Copyright © 2014 by Sony Pictures Entertainment
Peter Parker (Andrew Garfield) is graduating from high school and is torn between his love for Gwen Stacy (Emma Stone) and the promise he made to George Stacy (Denis Leary) while trying to keep his beloved city safe as Spider-Man. As the relationship heads to a rocky direction, Parker is saddled with Electro (Jamie Foxx), a former employee of OsCorp whose genetics have been altered after a freak accident is now bent on destroying the city with the help of Harry Osborn (Dane DeHaan). Parker’s once best friend has returned to Manhattan upon receiving news of his father’s (Chris Cooper) terminal illness. He discovers the same medical condition Norman is suffering from will affect him too once he hits puberty. Desperate for a cure, he seeks for Spider-Man’s blood as the healing properties may be able to reverse his worsening state. Worried that it will be unstable, Parker refuses the request which leads to Osborn’s alliance with Electro and the ensuing massive destruction.
As with all reboots, the decision to start over is always driven by the fact that the last chapter did not fare too well with either the fans, critics or both. After the rather convoluted ‘Spider-Man 3’ bit off more than it could chew, Sam Raimi, director of the original trilogy had intended to move on with part 4 to salvage a less than stellar critical reception before the deal fell through between him and Sony due to the new script unable to progress its story artistically. It is not a roadblock for Sony though to still get another take released before the rights expire and are returned to Marvel.
While the remake of Spidey’s beginnings in Marc Webb’s 2012 version threads similarly to the Tobey Maguire one, what Webb differs in his interpretation is the prominence in both the burglar who murdered Parker’s Uncle Ben (Martin Sheen) and parents who harbour a dark secret. The unresolved arcs provide for a more gripping watch and add intrigue to a rather well-paced but not necessarily amazing film. With the rate current franchises are heading now, many do not just end in their own universe. They set themselves up for a larger picture or to branch off into other equally interwoven tales via spinoffs and secondary but no less popular characters.
Its follow up jumps right back into what truly happened to Parker’s parents and their association with OsCorp. A rousing start to a tragic end, the film continues at a quicker pace than its predecessor and only slows down for the required character exposition on new foes for our web slinger to battle and his tumultuous romance with Stacy. It is a stroke of genius for the writers to focus on Parker’s love life as it is the strongest element surrounding this new production. Never once a dull moment whenever the two are together; whether it is discussing the future of their relationship or saving the world, their chemistry is so spot-on, it only adds to the disappointment that Stacy is not his eventual other half.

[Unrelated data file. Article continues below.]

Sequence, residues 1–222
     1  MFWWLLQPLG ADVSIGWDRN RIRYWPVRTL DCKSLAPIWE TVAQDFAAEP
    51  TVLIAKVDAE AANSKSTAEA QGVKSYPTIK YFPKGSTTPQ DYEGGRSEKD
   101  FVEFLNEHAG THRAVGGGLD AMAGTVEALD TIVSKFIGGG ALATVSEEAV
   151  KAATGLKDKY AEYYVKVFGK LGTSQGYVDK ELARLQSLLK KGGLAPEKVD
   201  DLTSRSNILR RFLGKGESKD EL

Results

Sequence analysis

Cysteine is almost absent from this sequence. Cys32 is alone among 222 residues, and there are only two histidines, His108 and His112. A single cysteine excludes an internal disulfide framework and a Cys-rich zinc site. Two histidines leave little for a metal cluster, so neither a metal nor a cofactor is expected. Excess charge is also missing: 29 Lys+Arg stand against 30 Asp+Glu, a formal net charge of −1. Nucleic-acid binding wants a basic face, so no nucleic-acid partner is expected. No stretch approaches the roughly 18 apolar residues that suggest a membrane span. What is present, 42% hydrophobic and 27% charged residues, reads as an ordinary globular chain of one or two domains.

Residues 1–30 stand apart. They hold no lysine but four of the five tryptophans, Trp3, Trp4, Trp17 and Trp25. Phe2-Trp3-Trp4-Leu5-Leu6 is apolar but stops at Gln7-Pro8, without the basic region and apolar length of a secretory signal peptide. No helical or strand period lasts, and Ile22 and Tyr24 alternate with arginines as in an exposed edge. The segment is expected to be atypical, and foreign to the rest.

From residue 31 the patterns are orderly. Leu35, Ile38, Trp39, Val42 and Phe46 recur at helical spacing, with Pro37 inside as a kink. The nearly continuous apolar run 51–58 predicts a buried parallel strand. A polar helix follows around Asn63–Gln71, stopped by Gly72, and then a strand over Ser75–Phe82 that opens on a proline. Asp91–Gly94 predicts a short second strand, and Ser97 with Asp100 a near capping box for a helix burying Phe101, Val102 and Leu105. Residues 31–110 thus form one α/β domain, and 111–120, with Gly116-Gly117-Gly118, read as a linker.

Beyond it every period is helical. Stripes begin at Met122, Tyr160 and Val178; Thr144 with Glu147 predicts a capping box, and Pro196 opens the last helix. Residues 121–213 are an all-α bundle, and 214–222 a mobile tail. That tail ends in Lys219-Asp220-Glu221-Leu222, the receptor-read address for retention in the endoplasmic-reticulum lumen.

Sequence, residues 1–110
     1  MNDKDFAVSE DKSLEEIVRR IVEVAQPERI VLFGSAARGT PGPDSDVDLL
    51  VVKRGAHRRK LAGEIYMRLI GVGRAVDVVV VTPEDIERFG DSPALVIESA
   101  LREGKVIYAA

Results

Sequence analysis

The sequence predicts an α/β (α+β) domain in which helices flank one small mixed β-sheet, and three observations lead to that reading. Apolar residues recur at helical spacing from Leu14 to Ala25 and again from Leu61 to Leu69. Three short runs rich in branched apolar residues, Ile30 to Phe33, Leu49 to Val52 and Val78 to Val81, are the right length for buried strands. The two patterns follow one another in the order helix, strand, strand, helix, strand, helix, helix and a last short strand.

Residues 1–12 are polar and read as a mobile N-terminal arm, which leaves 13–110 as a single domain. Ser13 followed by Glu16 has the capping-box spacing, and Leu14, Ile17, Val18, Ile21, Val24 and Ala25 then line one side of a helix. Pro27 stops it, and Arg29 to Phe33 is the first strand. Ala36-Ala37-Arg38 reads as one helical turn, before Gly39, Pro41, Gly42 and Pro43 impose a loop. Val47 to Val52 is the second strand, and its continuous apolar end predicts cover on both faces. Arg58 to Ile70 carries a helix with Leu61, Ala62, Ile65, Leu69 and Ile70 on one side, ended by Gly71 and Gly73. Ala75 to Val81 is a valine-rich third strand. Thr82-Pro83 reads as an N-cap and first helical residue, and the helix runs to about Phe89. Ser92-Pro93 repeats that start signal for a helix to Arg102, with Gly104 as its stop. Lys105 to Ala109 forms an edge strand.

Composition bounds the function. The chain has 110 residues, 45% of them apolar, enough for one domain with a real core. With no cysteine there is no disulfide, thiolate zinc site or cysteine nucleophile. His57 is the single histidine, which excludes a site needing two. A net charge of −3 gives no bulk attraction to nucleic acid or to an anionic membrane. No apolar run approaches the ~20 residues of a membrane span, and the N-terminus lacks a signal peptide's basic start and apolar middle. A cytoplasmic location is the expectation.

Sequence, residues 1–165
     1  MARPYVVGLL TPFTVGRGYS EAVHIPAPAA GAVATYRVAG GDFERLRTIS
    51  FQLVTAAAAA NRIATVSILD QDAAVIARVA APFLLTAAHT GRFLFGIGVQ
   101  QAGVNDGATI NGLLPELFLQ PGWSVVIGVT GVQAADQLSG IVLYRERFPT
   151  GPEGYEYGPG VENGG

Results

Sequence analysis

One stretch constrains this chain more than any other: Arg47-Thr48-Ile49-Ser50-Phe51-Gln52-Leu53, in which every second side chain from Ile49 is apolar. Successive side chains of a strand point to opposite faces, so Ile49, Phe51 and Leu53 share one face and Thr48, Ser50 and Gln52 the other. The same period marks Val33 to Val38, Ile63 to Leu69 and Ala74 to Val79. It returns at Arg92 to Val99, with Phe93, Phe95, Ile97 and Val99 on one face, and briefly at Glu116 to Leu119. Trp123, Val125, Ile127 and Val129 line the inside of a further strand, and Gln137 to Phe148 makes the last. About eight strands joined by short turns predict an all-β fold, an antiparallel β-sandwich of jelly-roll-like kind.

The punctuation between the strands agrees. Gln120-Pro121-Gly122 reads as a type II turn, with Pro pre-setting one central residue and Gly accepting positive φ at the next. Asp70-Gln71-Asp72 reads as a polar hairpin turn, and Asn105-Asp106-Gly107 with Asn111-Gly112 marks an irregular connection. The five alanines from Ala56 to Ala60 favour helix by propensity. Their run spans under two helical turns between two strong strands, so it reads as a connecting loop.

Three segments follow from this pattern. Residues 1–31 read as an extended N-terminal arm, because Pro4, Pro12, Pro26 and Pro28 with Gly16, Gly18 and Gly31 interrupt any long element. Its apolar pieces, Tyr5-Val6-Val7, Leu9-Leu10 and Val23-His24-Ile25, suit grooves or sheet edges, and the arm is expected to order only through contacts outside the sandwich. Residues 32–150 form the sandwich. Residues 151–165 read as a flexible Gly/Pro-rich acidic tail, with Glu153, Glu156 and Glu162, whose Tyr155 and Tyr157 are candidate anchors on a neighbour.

The news of Shailene Woodley hired as Mary Jane Watson in a supporting role but had to be left out for the couple’s scenes to be more believable is a mixed bag. I am definitely all for Stone to carry on with her dominance in Hollywood but it would have been nice to see Woodley in action as the redhead who finally gets to say ‘I do’ to our masked superhero. It can act as a precursor to how she will fare against her blonde counterpart. These are big shoes to fill for a part that was previously written-in only as a means of conflict to the earlier pairing of Maguire and Kirsten Dunst.
For those who are concerned that plotting is cluttered with superfluous extras, fret not, ‘Spider-Man 3’ it is not. Although the marketers will have you believe there are numerous baddies, it is in fact not the case at all. They remain dormant or elusive for most of the film and will only reappear in the coming features. The many unanswered questions will leave some insatiate after 142 minutes of suspending with Spidey, notwithstanding an amazing aerial view of Manhattan. It is frustrating to not obtain a neatly tied up conclusion, but if you are a fan, you will know that the premise here is just a platform to launch for more elaborately constructed schemes and mayhem.
Go in with an open mind and you will find there is still much to love about Webb’s second time direction. The action is serviceable, effects are rendered beautifully and comic timing transitions naturally while your friendly arachnid is out saving the day. It also helps if your appealing leads are all in fine form – DeHaan’s Osborn is cold but approachable and his turn as the Green Goblin needs to be at the forefront in the next round, a much meaner and crazier reincarnation than James Franco’s insecure take.
Rated PG-13 for sequences of sci-fi action/violence